If these topics are of interest to you, I'd recommend Pfau's book Safety-First Retirement Planning.
Mike Piper, author/blogger

wolf359
Posts: 2014
Joined: Sun Mar 15, 2015 8:47 am

Re: Turning 62 and SS alternatives

Post by wolf359 » Thu Feb 13, 2020 8:15 am

restingonmylaurels wrote:
Tue Feb 11, 2020 6:30 am
I am turning 62 later this year and am staring at the decision on when to start SS.

Because all starting options are supposed to be actuarially neutral, it seems the decision is one of balancing the risk of living longer than expected versus the risk that benefits will be reduced in the future.

Assuming it is better to start at FRA for other reasons (DW), I would need to replace that SS PIA stream from another source, likely investments. I have identified three investment sources (T-IRA, bond fund dividends, bond fund sales) and looked at advantages/disadvantages of each:

Sources:
IRA capital: Regular income tax rates on withdrawals; save later on RMD taxation; no return on withdrawn capital
BF income: Regular income tax rates on dividends; no impact on RMD taxation; regular returns on all capital
BF capital: LTCG tax rates of sales; no impact on RMD taxation; no return on withdrawn capital

Are these the main decision criteria to evaluate the SS replacement sources and how best to weight them?
I think you're overthinking this.

One decision is whether or not to delay Social Security.

A second decision is how you are going to fund your retirement, and what your best withdrawal strategy for your situation is.

You do not need to designate any funds to replace the income stream from Social Security. You have multiple sources of income available to you that will be coming available at different timeframes. It is okay to withdraw more from the sources that are available now and reduce that draw in the future as different funds become available.

You are over 59 1/2, so your full retirement accounts are available to you without penalty. You may want to post your financial details and request portfolio help with regards to the best withdrawal strategy. (See: https://www.bogleheads.org/wiki/Asking_ ... _questions) A key modification to that template is that you should also indicate how much income you need to pull from the portfolio, and information about potential income streams (amount and timing). If you or your spouse are still working, whether or not you decided to delay Social Security, and other information about income will be needed to help answer this question.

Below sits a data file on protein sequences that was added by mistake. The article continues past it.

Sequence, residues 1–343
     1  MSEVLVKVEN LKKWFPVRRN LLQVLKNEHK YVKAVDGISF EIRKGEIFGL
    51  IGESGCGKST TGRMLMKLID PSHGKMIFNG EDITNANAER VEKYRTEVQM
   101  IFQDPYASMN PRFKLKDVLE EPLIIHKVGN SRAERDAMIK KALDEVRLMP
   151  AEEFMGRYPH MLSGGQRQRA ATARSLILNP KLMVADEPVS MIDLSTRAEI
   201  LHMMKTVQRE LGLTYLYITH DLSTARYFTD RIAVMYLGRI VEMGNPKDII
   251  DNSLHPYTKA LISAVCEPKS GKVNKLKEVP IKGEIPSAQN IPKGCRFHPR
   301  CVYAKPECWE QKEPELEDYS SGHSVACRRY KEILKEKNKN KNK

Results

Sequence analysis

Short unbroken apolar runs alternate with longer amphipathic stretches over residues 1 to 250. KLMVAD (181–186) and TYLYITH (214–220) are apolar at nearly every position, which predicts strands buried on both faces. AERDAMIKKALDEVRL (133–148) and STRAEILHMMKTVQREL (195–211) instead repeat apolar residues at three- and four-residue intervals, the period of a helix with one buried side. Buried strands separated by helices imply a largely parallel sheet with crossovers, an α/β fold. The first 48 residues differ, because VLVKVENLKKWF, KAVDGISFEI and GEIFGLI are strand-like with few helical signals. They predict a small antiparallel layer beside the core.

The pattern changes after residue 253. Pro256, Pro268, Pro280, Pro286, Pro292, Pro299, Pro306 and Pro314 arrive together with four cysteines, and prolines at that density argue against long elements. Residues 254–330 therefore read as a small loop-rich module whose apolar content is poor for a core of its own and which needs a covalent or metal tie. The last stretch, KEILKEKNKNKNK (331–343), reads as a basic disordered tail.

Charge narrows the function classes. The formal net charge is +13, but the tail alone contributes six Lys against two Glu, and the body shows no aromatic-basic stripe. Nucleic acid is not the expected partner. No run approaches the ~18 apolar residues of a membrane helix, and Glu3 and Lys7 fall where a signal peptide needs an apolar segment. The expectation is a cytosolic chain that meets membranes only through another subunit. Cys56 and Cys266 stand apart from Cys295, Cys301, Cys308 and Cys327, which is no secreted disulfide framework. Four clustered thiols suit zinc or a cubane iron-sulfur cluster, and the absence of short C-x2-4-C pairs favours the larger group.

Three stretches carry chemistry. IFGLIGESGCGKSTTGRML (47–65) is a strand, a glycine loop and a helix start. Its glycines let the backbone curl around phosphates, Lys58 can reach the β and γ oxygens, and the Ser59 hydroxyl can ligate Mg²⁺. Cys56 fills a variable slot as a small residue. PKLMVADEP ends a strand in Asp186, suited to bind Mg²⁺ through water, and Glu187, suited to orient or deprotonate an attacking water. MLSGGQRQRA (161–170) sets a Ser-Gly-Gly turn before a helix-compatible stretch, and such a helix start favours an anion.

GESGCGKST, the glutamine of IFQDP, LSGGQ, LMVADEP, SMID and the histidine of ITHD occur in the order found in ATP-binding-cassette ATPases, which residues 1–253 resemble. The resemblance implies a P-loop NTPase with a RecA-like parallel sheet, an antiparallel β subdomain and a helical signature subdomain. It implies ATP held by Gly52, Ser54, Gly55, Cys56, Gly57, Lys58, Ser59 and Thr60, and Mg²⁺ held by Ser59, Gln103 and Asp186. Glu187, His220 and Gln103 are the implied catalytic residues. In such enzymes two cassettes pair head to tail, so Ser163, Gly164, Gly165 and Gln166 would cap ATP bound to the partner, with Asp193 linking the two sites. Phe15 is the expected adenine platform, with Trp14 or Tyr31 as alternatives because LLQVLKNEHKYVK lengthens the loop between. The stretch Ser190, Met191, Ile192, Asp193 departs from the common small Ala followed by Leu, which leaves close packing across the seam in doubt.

This type of question is actually rather complicated. You may want to consider going to a fiduciary financial planner who charges by the hour to review your overall position and set up an overall approach to retirement. There can be many moving parts, such as the timing of Medicare, increases in taxes depending upon which assets get withdrawn, how to avoid taxes by converting some of the traditional funds to Roths, reducing your RMDs, et cetera.

nguy44
Posts: 243
Joined: Sun Jul 09, 2017 1:52 pm

Re: Turning 62 and SS alternatives

Post by nguy44 » Thu Feb 13, 2020 8:24 am

Given where the markets are today, my simple approach would be to take out enough from the tIRA to replace the SS amount for several years. I would just bite the bullet on the taxes. It is a tradeoff of future gains vs. stability. This avoids forced withdrawals during down market times.

My approach - which I do not know if you have time to do - was to stash away enough is cash to cover the anticipated SS stream until I choose to take it. I do have some pension income (non-COLA) that made this a little easier as we plan to spend comfortably in retirement. I started this a few years before I actually retired (I retired at 60, I am 62 now). Then every year I look at my my overall financial situation and decide if I want to delay it further or not. Right now my current plan is to take it no earlier than 65 (though in theory with my current spending my cash could let me delay to close to 70).

But your options are not an absolute... perhaps consider blending them together?

Post Reply